Reds hope to ignite offense with lineup change

Cincinnati ranks last in baseball in runs scored and home runs

The Cincinnati Reds tried something different with the batting order Monday in the opener of a four-game series against the Atlanta Braves at Great American Ball Park.

Interim manager Jim Riggleman penciled Scott Schebler into the lead-off spot.

“We’re 3-and-whatever we are,” Riggleman said. “We’ve got to try anything.”

That record is 3-18, the worst mark through 21 games in franchise history and one of the eight worst records through 21 games since 1900. The Reds still are better than the 1988 Baltimore Orioles (0-21) and the 2003 Detroit Tigers (2-19) — the only teams in the last 100 years with worse records than 3-18 — but with each loss, they join a more exclusive group.

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Batting Schebler, who returned from the disabled list on Friday, in the top spot in the order is the latest move the Reds hope provides a spark for a stagnant offense. He has batted lead-off eight times in his career.

“We had him hit first the other day in the minor leagues preparing for this,” Riggleman said. “It’s just a matter of, ‘Was it going to be him? Was it going to be (Jose) Peraza? Was it going to be Scooter (Gennett)? I kind of like having Scooter there (batting fourth) to protect Joey (Votto) a little.”

Billy Hamilton, who’s hitting .172, moved to ninth in the lineup. He’s hit there 11 times this season. That doesn’t mean he’ll stay at the bottom of the order.

“I really had four of five opinions today talking about that,” Riggleman said. “Do we just put him up there in the first spot and run with it, or do we leave him down below? And until we’re ready to say, ‘Billy, go get them in that first spot and do what you can do,’ I want to leave him down there because I don’t want to put him there today and not tomorrow.”

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Schebler, who’s hitting .263 in six games, was fine with the decision.

“It was something we had talked about,” Schebler said. “I think they want Billy in the nine slot kind of as a second lead-off hitter. I’m comfortable with it. I’m not really going to change my approach. I’m an aggressive hitter. Honestly, after that first at-bat, you just fall in line, so it’s really not a big deal. A lot of people put thought into the lead-off spot, but it’s just another person in the lineup after the first at-bat, and I’ll treat it as such.”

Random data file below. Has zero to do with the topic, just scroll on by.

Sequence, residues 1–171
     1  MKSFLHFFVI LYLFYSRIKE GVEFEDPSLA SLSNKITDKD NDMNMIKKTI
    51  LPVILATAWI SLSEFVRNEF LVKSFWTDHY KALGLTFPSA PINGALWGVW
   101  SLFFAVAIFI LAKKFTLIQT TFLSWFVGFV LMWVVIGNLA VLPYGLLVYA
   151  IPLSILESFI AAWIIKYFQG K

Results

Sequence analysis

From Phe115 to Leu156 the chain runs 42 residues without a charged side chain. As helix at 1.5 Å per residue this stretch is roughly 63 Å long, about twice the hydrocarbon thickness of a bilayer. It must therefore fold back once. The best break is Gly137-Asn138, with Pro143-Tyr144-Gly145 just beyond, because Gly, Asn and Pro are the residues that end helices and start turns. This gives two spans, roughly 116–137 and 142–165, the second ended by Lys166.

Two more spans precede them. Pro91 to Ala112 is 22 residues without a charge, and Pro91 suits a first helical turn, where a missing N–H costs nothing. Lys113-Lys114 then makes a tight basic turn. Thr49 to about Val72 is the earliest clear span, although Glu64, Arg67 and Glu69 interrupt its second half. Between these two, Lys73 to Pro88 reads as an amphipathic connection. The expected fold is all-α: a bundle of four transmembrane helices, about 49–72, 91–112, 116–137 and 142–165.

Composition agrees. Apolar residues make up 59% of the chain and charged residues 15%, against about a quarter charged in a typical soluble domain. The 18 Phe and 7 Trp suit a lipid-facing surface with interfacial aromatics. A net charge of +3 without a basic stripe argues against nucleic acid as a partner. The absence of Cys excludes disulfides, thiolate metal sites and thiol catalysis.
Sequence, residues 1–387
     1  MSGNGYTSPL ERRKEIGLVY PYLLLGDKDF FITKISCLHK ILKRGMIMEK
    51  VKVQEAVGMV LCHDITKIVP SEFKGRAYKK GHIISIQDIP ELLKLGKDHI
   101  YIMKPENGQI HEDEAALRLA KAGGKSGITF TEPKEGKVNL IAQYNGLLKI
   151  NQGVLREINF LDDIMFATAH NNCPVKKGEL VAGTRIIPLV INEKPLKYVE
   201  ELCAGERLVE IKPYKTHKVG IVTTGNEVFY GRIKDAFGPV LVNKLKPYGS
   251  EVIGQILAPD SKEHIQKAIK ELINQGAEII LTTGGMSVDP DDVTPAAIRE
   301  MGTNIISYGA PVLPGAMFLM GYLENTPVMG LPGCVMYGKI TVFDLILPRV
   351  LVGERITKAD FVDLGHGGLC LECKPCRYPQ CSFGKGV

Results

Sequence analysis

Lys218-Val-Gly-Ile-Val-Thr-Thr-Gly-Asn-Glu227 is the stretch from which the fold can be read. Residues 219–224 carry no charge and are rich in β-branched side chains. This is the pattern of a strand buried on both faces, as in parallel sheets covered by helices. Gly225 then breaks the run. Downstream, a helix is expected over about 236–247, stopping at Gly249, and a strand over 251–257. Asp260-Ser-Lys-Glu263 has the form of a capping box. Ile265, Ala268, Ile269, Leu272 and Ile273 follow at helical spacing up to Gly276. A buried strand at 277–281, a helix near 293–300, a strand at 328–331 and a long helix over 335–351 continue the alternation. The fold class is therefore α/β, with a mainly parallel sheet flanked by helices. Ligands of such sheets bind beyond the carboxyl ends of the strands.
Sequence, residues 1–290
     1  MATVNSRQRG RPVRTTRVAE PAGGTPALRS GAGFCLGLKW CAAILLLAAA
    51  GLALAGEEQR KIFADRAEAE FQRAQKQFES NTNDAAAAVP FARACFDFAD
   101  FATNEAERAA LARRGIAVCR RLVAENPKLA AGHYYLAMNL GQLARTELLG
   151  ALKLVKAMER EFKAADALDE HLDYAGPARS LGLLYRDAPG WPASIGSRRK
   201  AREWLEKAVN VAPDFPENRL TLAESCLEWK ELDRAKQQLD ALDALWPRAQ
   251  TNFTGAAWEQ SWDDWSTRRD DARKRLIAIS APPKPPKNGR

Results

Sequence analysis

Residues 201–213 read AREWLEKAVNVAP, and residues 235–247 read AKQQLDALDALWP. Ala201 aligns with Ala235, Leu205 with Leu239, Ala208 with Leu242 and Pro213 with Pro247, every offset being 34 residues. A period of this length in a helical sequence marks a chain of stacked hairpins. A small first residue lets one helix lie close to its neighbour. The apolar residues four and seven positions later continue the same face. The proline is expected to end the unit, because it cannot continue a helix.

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The Reds entered the game ranked last in baseball in runs scored (61), last in home runs (11), 27th out of 30 teams in batting average (.220) and 24th in on-base percentage (.299). They did not hit a home run on the six-game road trip that concluded Sunday with a 9-2 loss in St. Louis.

Schebler remains confident the offense will turn things around.

“I’m not sure what the deal has been,” Schebler said. “Getting (Eugenio Suarez) back will be nice. Yeah, we’ll get it going. Everybody has those deals. We happened to have it early in the season. The Dodgers won the pennant last year, and they were 3-17 in September. Granted it looks bad because it’s starting off that way, but it happens to everybody.”

Notes: The series against the Braves continues at 6:40 p.m. Tuesday. Tyler Mahle (1-3, 5.14) starts for the Reds against Brandon McCarthy (3-0, 2.91). Mahle allowed two earned runs in five innings in his last start, bouncing back from two starts in which he allowed 10 earned runs in 10 innings.


Braves at Reds, 6:40 p.m., FS Ohio, 700, 1410

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